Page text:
Congratulations – you are now a post-graduate translator! You’ve probably revised your résumé and updated your LinkedIn profile. Or perhaps you’ve set up your online freelance business, and you’re ready to take on your first client. The world is your oyster as you begin a career in translation… but is that all there is to it? Here are a few things you should do as a post-graduation translator, to keep up with the professional crowd.
1. Develop one or two specializations to start
Newcomers often want to be a jack of all trades when they first enter the translation workforce. However, this prevents them from enjoying the perks of developing a specialization, such as higher pay or even better chances of landing a job.
Most people prefer to hire an expert who has extensive knowledge about the field they are hiring for. By being a specialist, you help your potential employers feel more confident in your ability to use the right style and terminology when translating a piece.
The same principle applies whether you want to work as an independent translator or apply for an in-house role. Your degree shows that you’re familiar with the theories and strategies of translation – now pair that with a niche in the market to show that you’re undoubtedly the right person for the position you want.
How do I do that?
Looking into your strengths and interests is a good place to start finding your niche as a post-graduate translator.
You don’t necessarily need a professional certificate to show that you are an expert in something (but it certainly helps!). Experience counts too, and now is the perfect time to start building experience by only taking on relevant jobs.
Do you enjoy fiction and prose? Try your hand at being a literary translator. Or do you prefer to tinker with technical jargon and concepts? Then you could translate for the finance or IT industry.
And remember, you can always branch out later.
2. Learn more about translation software systems
You might have tried using translation software at one point during your degree, usually at an introductory level. Now that you’re a professional, be ready to jump into the entire ecosystem of translation technologies.
Businesses utilize different software to streamline and speed up their translation processes. As such, they expect their translators to adapt to the range of tools that they use.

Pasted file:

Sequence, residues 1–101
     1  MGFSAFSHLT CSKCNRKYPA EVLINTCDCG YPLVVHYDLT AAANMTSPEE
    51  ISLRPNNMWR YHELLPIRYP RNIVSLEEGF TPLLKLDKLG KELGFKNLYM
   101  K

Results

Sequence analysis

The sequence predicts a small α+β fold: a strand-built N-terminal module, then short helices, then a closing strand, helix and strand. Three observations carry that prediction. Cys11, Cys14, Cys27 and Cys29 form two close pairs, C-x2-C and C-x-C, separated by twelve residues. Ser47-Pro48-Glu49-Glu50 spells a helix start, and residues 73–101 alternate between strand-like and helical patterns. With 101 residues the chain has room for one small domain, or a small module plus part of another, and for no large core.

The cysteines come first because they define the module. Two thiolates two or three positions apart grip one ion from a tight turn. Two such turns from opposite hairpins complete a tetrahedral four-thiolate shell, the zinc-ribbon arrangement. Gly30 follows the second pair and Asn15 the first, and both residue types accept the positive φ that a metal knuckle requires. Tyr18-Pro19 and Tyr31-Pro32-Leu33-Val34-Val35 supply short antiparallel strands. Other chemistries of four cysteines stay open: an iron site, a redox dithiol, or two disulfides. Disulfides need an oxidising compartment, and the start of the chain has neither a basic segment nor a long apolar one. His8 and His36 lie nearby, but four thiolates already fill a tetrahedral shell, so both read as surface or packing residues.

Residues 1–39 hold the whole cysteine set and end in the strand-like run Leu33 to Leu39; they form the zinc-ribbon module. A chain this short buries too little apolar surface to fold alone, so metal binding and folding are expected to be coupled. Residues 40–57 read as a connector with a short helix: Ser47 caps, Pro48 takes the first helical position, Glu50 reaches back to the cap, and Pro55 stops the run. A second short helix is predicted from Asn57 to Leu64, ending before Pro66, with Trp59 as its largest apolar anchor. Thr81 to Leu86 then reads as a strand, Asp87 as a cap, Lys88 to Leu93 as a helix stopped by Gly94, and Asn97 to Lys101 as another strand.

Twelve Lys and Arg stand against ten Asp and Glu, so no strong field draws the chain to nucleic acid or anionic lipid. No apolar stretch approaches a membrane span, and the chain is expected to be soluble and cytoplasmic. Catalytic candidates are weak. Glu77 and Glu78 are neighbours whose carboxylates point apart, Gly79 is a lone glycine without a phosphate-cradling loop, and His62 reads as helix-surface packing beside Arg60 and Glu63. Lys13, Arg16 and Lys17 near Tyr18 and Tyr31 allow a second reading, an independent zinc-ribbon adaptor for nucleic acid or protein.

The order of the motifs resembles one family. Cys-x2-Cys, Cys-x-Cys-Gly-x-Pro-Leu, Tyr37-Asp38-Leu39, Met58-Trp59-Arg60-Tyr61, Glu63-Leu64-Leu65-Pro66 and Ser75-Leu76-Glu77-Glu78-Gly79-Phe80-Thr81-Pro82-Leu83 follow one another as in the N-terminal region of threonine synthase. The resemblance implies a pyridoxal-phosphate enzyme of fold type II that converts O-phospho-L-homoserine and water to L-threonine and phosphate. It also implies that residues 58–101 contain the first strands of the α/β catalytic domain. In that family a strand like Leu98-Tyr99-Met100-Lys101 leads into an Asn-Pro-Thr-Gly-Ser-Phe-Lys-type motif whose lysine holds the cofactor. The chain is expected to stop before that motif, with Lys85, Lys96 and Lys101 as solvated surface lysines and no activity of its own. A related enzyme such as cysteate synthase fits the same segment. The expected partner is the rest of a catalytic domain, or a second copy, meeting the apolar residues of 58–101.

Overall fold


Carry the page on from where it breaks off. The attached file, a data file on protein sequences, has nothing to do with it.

Since some translation software programs have a steeper learning curve, like SDL Trados, it helps to be familiar and comfortable with navigating computer applications.
How do I do that?
While your employer may provide training in this department, keep in mind that it’s only for the set of software they use. Beyond that, being a post-graduate translator, you should still learn more about the most used tools of the trade, even if you currently don’t use them. Some examples are:
- Desktop publishing software
- Computer-assisted translation (CAT) tools
- Translation management systems (TMS)
More importantly, you should look into the best practices and techniques for using each tool so that you enjoy its full benefits. For instance, knowing how to format a Word document properly makes a big difference in how fast your employer can push your translations to market.
3. Sharpen your personal branding skills
Building your personal brand as a post-graduate translator is a gateway to better opportunities. If your brand is online, recruiters and potential clients will notice you.
It could also work the other way around – recruiters and potential clients will google your name to find out more about you if they’re considering you for a job.
Hence, not only you should put yourself out there by developing an online presence, but you also need to know how to play the social media game to engage with people who might use your services one day.
By putting some thought and consistency into your personal brand, you’re demonstrating that you’re a credible and professional freelancer that people can rely on.
How do I do that?
You can use a combination of LinkedIn, Facebook, Instagram, and even a professional website to start building your brand. But remember to keep your professional profile separate from your personal one.
Think about one or two things that you want people to take away when they come across your professional profile. Then, work those things into your personal statements and daily postings on each social platform.
4. Keep up with cultural and linguistic trends
Behind each language is a community, its values and cultures, and current trends that could shape these values and cultures. As a translator, you should always keep up to date with the latest news and cultural developments within each language community.
With a keen understanding of the context that shapes different languages, you would be able to produce accurate, impactful, and nuanced translations. It’s a skill that you can’t necessarily learn from a textbook because languages and their communities are evolving all the time.
Although a language’s rules and grammar will largely stay the same, slang and pop culture does not. Know that this will make a world of difference in your work – depending on the translation field you work in.
How do I do that?
As a post-graduate translator, you should constantly immerse yourself in the languages that you translate. That could be reading relevant news sites or being active on social media in specific languages.
Completing your translation degree is the beginning of a long and fruitful career in translation. By doing the things mentioned above, you ensure that your skills always align with the latest translation demands.